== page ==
Waterflooding is the oldest and by far the most important method used by the petroleum industry to increase recovery from both onshore and offshore reservoirs. Waterflood design is a complex problem that must ultimately be handled on an individual reservoir basis. This paper presents factors that should be considered in designing both onshore and offshore waterfloods.

The need for careful examination of the following factors is discussed:

  1. Reservoir geology and method of deposition

  2. Primary production mechanisms and stage of depletion

  3. Reservoir and fluid properties

  4. Reservoir pressure

  5. Well spacing and possible waterfloodpatterns

After these factors are discussed, the effects that pattern selection, timing and injection/producing rates have on project economics arm discussed. A special emphasis is placed on offshore waterflooding since it is now of significant concern.


Waterflooding was first used over 100 years ago, but it was not until the 1950's that it gained popularity when field applications increased at a rapid rate. At the present time, waterflooding is so well regarded as a reliable and economic oil recovery technique that almost every field that does not have a natural water drive, is being or soon will be waterflooded. Waterflood projects from a reservoir engineering viewpoint, are very tedious and require detailed data. There are two basic classifications of water injection projects:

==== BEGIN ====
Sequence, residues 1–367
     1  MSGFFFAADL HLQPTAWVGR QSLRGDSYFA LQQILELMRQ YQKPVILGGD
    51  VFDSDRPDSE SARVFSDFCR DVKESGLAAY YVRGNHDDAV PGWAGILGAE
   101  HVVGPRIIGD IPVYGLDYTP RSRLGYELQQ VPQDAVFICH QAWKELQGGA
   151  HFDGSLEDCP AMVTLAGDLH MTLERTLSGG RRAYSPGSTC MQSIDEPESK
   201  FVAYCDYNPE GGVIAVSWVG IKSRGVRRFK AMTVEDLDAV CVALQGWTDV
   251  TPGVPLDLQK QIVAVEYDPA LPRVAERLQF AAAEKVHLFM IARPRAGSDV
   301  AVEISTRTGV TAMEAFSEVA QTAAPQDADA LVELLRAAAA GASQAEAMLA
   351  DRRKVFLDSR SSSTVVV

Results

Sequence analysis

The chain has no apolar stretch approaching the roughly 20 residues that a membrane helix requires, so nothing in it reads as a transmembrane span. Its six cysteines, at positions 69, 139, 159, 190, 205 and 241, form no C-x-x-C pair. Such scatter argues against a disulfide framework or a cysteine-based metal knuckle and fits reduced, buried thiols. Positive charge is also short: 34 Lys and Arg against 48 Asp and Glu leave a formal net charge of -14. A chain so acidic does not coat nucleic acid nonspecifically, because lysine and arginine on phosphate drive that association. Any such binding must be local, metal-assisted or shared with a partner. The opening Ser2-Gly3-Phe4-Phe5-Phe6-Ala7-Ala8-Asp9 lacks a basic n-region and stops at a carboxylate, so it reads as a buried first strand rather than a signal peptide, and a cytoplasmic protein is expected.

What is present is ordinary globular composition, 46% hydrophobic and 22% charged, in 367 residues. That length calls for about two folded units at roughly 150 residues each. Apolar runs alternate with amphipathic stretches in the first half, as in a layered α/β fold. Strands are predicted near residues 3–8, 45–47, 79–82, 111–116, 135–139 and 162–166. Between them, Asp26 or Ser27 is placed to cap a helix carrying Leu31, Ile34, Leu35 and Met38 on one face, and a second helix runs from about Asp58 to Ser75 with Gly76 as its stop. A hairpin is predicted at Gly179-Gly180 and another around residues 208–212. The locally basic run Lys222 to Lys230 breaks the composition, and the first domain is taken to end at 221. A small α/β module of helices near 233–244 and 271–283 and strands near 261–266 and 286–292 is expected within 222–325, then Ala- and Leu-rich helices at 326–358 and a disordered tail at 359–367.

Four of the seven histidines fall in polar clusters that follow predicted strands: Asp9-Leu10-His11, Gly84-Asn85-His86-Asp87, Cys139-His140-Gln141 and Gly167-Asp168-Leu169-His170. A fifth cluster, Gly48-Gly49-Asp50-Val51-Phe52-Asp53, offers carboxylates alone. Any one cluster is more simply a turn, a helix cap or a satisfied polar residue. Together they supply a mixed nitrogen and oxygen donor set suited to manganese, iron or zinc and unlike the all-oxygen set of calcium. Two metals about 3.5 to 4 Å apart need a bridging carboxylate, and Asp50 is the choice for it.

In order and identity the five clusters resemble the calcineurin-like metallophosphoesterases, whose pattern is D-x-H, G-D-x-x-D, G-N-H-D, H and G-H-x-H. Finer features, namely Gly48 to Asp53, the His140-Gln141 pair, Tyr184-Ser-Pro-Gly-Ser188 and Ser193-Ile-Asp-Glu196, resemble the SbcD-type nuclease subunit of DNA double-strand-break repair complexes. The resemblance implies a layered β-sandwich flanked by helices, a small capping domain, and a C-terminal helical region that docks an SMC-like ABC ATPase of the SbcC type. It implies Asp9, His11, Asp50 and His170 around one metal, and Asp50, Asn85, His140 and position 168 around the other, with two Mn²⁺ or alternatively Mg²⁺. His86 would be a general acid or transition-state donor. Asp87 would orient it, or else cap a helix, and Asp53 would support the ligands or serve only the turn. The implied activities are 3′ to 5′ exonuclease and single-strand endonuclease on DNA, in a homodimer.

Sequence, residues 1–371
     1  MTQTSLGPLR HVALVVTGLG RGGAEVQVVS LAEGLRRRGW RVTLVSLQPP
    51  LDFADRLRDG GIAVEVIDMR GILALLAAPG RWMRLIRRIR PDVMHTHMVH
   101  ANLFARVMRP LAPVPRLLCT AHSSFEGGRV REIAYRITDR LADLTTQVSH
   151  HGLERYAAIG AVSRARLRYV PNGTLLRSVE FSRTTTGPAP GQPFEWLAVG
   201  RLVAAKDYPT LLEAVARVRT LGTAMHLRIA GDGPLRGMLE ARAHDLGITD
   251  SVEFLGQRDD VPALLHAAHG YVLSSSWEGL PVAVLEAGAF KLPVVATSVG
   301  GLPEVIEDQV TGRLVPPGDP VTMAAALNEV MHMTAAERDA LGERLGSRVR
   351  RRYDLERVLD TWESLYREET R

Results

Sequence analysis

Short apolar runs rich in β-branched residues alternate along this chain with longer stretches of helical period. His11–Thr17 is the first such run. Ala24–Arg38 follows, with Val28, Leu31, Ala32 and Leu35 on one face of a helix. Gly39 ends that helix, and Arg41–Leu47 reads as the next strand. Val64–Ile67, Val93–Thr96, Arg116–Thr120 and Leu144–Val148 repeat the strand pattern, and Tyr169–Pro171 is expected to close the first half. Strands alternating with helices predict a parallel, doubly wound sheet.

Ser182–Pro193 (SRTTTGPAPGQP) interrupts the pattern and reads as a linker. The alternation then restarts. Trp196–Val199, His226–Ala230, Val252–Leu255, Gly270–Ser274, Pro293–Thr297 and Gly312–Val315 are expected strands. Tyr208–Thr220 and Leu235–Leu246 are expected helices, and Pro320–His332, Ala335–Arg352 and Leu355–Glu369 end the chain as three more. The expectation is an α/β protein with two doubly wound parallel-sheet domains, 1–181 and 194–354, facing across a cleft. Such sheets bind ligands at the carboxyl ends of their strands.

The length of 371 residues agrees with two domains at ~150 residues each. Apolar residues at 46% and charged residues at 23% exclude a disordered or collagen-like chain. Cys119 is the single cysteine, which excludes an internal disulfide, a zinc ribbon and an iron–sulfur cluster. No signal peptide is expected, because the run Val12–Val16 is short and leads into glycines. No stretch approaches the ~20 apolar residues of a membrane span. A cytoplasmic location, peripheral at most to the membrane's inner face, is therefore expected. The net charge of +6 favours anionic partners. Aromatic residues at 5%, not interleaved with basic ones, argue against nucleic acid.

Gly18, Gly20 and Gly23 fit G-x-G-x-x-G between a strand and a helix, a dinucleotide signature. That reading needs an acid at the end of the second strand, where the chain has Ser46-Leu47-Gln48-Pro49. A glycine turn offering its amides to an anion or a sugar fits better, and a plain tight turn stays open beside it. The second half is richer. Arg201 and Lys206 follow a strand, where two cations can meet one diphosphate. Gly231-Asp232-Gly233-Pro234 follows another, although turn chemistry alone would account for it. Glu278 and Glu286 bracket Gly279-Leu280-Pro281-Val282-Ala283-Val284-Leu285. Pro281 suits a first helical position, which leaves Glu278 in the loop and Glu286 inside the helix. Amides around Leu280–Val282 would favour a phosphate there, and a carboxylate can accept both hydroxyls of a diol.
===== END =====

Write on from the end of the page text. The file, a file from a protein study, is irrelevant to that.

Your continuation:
• Waterflooding - those which displace oil from semi-depleted and depleted reservoirs, that is, increasing recovery through the more efficient displacement process.

  • Pressure maintenance - those which maintain a pressure in new or partially depleted reservoirs for sustaining the production rate.

The main difference between secondary recovery (waterflooding) and pressure maintenance operations is the amount of reservoir pressure existing at the time the operations are begun. If the reservoir pressure is fairly high, the operation is called pressure maintenance, but, if the pressure has been substantially depleted, the operation is called secondary recovery. Both operations should increase ultimate recovery from the affected reservoir. Under normal circumstances, pressure maintenance operations will not bring about the rate increase that a waterflood will since it is installed when the reservoir producing rate is at a higher level.

Many factors important to waterflooding are also important to pressure maintenance, so that it is difficult to define a definite point of separation between the two processes. Accordingly, a major portion of the information presented in this paper is applicable to both waterflooding and pressure maintenance by water injection.

In this paper, we have made an attempt to review the reservoir engineering and geological parameters which control waterflood recovery. Also included is a discussion of criteria used in selecting a water injection rate, pattern and the timing of water injection. No attempt has been made to provide details of methods of forecasting waterflood recovery; however, the types of techniques generally used today are mentioned.

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